I’ve been loving American Airlines as a customer since doing their Executive Platinum challenge as part of the oneworld MegaDO. American’s 100,000 mile flyers are truly top tier, in contrast to at United where it’s just mid-tier and the real top elite level is Global Services. American’s top elites clear their upgrades, their international confirmed upgrade instruments are valid from any fare, and the lounges are nicer (albeit with less free food). And onboard wireless internet has changed my life.
American miles are also currently my favorite mileage currency, since my own goal is international first class awards — Star Alliance first class awards have gotten really tough, especially for a North American-based flyer who doesn’t want to fly United‘s first class. While first class awards with American miles are quite doable — Etihad (and I’m excited they’ll be adding Washington DC service next year), Cathay Pacific, British Airways (albeit with fuel surcharges), and even the occasional Qantas A380 seat. And of course American’s award availability to South America in first class is excellent, even if the first class product itself is dated.
American may be improving its product and making real investments geared towards the premium traveler. But there’s one area where it seems to me that they’re really kicking their customers in the shins.
Award Wallet. And of course other services that help you track your miles and points, as well.
American sent legal nastygrams to the online services that help their members track their miles and points, saying that those services were not permitted to access their site on behalf of others and could not store member passwords.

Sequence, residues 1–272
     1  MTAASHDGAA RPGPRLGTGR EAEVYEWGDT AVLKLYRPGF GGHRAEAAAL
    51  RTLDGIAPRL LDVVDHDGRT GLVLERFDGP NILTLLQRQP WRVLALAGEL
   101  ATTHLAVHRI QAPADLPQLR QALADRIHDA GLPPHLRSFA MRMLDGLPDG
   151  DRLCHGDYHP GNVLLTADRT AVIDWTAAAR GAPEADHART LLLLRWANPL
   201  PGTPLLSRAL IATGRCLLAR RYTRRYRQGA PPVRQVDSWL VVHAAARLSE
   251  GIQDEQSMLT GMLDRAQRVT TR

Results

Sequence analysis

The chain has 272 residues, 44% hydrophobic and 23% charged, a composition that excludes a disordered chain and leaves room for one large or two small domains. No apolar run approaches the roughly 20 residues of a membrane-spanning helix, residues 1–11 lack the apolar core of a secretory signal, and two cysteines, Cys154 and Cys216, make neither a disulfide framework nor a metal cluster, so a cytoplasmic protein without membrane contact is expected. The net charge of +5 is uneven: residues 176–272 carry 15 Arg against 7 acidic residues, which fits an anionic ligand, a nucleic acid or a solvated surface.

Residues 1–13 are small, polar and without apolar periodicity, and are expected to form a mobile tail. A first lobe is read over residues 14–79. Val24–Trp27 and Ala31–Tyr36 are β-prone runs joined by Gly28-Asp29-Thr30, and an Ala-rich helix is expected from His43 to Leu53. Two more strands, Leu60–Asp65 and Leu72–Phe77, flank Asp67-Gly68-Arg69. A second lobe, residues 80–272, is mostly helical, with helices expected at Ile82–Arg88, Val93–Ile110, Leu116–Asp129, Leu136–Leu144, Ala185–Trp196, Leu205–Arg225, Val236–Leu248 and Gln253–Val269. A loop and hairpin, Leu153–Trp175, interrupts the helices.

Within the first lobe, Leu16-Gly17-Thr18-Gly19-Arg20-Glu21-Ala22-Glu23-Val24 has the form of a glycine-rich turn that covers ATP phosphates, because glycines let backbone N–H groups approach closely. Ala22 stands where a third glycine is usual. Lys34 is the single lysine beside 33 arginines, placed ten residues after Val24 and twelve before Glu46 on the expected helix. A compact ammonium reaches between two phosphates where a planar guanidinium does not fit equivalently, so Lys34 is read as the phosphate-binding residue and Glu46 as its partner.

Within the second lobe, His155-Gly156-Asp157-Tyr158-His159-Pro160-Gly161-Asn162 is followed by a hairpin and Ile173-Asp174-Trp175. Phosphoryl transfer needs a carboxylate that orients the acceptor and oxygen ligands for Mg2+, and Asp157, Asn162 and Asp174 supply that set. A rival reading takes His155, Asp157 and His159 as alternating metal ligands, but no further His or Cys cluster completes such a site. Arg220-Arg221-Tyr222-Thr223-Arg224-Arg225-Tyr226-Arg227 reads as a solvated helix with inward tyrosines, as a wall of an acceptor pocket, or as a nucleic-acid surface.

American claims that security was a major issue, they weren’t ok with a third party site storing member passwords and having access to those passwords to access member accounts. Of course, they continued to let Points.com do exactly that. American said they were confident in Points.com’s security, but of course Award Wallet is also a Points.com partner, and that partnership didn’t raise security flags for American… The story didn’t hold together for me.
Award Wallet developed a browser plug-in so that their website and servers would never have to contact American’s. Members entered their own passwords into their browser, and their own browser accessed American’s website to check member account information. The information was all stored on the member’s computer, and not passed through to Award Wallet’s servers. That seemed like it would be the end of the objection — no more sharing passwords with a third party, no more third party access of American’s website, their stated concerns would appear to have been met.
Unless the stated concerns weren’t the real concerns, I’ve imagined it was more about control over the product and customer experience than about security. If American’s members don’t go to American’s website, then American’s members can’t be sold ancillary products and services and can’t otherwise be marketed to through that channel. And American likely believes Award Wallet means fewer eyeballs for them.
Award Wallet now reports that due to American’s objections, they’re having to withdraw the browser plugin. Here’s the Award Wallet announcement:
We regret to inform you that we will be discontinuing support for the AwardWallet browser extension on February 25, 2012. This means that you will no longer be able to track your American Airlines related information (balance, status, etc.) on AwardWallet.com. We have been forced to take this action by American Airlines’ stance toward AwardWallet. We created the browser extension in order to address American Airlines’ concern that AwardWallet was collecting customers’ mileage data. We believe the extension addressed this concern because it simply collected your mileage data and stored it locally on your computer. American Airlines, however, objects to the extension. It’s position appears to be that AwardWallet is prohibited from providing any software tool that facilitates the ability to track the customer’s American Airlines’ mileage information. We think this is unfortunate.